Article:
Newly christened HipLogic, which was formerly known as Numobiq, today launched a software development kit for its cell phone virtualization platform. The company’s product demo looks like several other mobile phone personalization efforts, but is actually a virtual machine running on top of the existing mobile operating system. The end goal, according to Mark Young, HipLogic’s CTO and founder, is to create applications that can truly interact with phones and each other, bringing the same level of functionality to millions of other phones as the iPhone has and the Android will.
So far, it’s hard to judge how successful the three-year-old HipLogic will be with its mission, but it raised $4.5 million last January from Benchmark Capital and has ported its Java-based virtual machine to the Windows, Linux, S60 and UIQ mobile operating systems (BREW and RIM will be next). Developers can write applications for the HipLogic virtual machine and have them run on any phones using those operating systems, provided the phone has the HipMobile virtual machine loaded on it.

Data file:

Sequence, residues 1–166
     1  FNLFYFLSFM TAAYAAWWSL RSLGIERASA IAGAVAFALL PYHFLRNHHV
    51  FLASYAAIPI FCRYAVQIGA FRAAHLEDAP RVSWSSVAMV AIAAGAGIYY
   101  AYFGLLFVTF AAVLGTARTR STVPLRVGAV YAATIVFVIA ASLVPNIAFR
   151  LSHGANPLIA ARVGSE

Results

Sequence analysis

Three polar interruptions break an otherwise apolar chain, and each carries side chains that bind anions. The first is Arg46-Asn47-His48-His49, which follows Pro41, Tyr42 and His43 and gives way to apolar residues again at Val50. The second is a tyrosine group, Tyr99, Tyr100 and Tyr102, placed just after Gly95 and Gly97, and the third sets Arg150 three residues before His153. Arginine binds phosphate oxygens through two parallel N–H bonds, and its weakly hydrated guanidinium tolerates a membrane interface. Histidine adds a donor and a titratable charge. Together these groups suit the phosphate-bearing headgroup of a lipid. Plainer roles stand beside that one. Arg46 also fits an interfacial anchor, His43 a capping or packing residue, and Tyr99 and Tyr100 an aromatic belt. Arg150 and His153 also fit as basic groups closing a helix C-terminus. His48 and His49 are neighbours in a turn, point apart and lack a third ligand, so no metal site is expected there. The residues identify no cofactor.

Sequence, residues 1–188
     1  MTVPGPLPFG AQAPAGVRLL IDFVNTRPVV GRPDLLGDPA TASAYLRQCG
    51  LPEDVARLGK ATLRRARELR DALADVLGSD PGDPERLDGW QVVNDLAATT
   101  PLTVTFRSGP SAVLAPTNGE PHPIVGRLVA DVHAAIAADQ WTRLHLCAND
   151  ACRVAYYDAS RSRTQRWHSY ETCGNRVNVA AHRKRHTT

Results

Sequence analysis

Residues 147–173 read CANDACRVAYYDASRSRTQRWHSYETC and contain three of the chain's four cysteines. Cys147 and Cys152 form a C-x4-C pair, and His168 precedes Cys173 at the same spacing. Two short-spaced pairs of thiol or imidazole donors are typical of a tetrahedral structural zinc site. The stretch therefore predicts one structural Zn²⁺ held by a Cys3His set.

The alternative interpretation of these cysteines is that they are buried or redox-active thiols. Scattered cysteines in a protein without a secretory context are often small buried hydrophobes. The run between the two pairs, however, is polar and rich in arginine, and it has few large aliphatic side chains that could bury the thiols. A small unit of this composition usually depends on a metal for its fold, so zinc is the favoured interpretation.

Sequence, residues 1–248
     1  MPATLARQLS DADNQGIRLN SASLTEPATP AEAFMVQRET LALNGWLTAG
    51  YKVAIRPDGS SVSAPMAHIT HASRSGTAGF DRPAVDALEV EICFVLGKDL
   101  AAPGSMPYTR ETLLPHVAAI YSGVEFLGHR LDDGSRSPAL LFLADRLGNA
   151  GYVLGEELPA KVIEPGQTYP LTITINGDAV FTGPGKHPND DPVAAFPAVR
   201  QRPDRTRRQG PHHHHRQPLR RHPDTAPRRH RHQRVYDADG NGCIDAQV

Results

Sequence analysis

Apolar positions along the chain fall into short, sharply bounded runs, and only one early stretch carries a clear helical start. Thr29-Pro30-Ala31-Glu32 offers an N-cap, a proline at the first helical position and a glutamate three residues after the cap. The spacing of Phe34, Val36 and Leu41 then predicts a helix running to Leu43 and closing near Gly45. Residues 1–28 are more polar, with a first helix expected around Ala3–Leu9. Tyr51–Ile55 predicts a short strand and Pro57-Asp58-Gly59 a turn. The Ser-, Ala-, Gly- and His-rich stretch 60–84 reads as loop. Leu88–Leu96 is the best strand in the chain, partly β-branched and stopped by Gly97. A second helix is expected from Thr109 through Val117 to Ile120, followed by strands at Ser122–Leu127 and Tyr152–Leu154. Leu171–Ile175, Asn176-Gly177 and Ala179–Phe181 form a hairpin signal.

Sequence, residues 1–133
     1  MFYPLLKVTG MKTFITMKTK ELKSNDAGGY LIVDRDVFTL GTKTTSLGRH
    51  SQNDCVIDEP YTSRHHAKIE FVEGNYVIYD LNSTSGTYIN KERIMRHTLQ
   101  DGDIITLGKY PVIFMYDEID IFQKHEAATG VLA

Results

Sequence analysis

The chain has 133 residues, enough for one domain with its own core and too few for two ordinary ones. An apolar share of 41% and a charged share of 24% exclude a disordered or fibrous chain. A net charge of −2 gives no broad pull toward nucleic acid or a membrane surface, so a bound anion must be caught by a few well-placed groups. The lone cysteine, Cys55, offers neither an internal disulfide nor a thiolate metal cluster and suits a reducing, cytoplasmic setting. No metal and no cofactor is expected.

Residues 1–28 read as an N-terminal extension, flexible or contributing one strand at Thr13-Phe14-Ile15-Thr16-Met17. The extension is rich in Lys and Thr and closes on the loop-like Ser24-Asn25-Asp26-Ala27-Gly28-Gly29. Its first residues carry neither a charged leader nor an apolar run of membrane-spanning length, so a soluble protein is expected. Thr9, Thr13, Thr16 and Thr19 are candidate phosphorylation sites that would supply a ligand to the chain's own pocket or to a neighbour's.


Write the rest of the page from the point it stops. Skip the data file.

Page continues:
Young says the company will announce applications as well as a download for consumers in the first quarter of next year. Until then he’s being tight-lipped about whether the company has signed any operators as customers, as well as who might offer content on the HipLogic platform.
Other companies intent on bringing virtualization to mobile phones include Adobe with its Flash efforts, Opera, and startup VirtualLogix. (Adobe with its Flash Lite efforts and Opera have similar designs using their own technologies.) Since virtualization helps make the more than 1 billion mobile phones out there that aren’t smartphones behave more like smartphones, it’s a promising area for consumers intent on getting more features, and carriers hoping for more data revenue.